Wilson senior left-hander Jack Price was admittedly nervous in his first D.C. Interscholastic Athletic Association championship game start. And to add to his nerves, he was facing the school he attended as a freshman, School Without Walls, plus Tuesday’s game at Washington Nationals Youth Academy in Southeast Washington marked his final high school game.
Price had command issues during the first two innings as he totaled 20 balls on 40 pitches. But in the third he found his footing, and he went on to strike out 12 to lift Wilson to a 3-1 win over School Without Walls in Tuesday’s city championship.
Price allowed three hits, all singles, and the only run the Penguins scored was on a passed ball in the 107-pitch complete-game win.
“It’s such a big game, and there was a lot on my mind about it,” Price said. “I kind of got too psyched up about it, and that affected the way I started out.”
Price’s move to Wilson has landed him in three city title games, and each time he has come out the victor. Tuesday’s title marked the Tigers’ 22nd consecutive DCIAA championship.
The batters for the Tigers (15-8) were kept off balance for a majority of the game by Penguins right-hander Reuben Pansegrouw. Pansegrouw struck out four with a steady mix of off-speed pitches and fastballs. He allowed one hit in the complete-game loss.
The Penguins (12-6) inched closer in the fourth on a passed ball that plated Pansegrouw to make the deficit 2-1.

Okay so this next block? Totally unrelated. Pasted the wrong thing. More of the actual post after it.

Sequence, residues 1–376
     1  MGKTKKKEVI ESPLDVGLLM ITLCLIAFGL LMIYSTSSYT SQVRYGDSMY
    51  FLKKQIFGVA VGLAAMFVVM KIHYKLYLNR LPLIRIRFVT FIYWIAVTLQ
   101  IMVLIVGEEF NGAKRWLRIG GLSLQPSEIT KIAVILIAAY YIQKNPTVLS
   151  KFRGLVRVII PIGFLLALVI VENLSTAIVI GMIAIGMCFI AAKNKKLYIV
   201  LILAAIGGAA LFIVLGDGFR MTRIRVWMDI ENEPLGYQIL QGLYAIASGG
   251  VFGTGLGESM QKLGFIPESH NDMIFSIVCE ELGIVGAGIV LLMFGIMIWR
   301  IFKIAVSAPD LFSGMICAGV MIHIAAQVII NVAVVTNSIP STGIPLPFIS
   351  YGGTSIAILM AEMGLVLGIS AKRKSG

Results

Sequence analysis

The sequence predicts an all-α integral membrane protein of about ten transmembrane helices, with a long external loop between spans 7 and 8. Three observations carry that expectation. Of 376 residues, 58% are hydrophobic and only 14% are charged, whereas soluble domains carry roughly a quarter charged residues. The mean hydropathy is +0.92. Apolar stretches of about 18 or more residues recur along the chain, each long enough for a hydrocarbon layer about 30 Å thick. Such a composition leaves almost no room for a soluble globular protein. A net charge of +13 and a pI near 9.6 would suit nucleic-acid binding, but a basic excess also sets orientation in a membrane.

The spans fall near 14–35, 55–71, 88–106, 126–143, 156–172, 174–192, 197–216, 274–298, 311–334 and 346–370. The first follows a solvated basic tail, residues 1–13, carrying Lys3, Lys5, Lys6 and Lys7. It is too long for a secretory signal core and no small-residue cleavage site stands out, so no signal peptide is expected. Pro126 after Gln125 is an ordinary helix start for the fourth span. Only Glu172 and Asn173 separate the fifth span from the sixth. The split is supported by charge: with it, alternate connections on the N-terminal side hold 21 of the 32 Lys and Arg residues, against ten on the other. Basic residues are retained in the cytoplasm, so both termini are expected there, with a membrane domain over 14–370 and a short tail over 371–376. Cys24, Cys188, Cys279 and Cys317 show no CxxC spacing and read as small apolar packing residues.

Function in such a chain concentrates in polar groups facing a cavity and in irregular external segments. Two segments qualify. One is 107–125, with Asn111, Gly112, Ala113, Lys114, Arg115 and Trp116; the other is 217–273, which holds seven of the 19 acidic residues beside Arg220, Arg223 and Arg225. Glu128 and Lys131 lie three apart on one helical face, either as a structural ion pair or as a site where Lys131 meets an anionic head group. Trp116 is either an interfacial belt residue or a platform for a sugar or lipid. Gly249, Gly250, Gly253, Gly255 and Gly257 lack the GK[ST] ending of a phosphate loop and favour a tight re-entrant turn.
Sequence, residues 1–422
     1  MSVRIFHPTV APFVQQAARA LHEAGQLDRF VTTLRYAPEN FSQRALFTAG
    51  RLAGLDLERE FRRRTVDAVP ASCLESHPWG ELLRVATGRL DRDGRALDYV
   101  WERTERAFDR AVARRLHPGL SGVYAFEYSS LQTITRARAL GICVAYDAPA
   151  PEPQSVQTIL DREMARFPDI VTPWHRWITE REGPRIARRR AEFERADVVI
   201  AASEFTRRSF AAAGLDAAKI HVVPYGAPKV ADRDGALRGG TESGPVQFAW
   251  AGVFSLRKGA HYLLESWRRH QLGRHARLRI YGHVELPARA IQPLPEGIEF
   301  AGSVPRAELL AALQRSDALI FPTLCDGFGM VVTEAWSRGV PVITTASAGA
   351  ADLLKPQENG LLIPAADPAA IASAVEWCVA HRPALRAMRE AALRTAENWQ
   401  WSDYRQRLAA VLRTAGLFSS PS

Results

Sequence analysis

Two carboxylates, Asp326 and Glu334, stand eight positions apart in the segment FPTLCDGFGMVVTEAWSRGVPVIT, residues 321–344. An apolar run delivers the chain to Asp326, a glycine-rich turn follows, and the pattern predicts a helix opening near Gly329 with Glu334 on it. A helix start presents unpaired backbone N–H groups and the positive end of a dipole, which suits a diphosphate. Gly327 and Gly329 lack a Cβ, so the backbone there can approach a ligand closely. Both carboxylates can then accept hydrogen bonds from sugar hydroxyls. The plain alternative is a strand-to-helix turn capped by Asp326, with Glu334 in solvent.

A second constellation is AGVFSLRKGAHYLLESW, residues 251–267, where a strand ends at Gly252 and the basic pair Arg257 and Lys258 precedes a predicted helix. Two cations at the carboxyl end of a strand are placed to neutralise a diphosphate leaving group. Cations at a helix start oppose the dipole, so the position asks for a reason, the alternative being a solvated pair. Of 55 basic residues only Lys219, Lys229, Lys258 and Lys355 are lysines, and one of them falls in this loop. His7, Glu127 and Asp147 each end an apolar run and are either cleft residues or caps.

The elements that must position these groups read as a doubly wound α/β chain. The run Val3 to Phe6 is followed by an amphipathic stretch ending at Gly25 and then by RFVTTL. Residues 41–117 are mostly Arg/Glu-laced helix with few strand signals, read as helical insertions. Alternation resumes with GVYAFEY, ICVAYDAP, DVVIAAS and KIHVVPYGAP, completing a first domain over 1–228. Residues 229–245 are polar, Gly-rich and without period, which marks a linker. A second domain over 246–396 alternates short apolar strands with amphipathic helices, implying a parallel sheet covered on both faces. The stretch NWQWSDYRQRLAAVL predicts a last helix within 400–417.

Through five innings, Pansegrouw had a no-hitter going to keep Walls within striking distance, but in the sixth Allen-Gifford hit an RBI single to right to break up the no-hitter and give Price some cushion.
“It was a fastball outside, and I just tried to go with it to right field,” Allen-Gifford said. “I knew the situation, and the team needed some insurance. I knew Jack battled for us all day and I wanted to give him an insurance run.
In the seventh, Price struck out all three batters. He retired the last seven batters he faced.
In last season’s DCIAA championship, Wilson defeated McKinley, 16-2. For third-year Coach James Silk, it was the closest game he had been a part of in his tenure as the skipper.
“It’s great for these seniors to end their careers with a competitive ballgame,” Silk said. “In past years this tournament has been a bit of a letdown for our seniors. To have Walls and [Coach] Kip [Smith] do the job they did, it’s a good day for D.C. public school baseball.”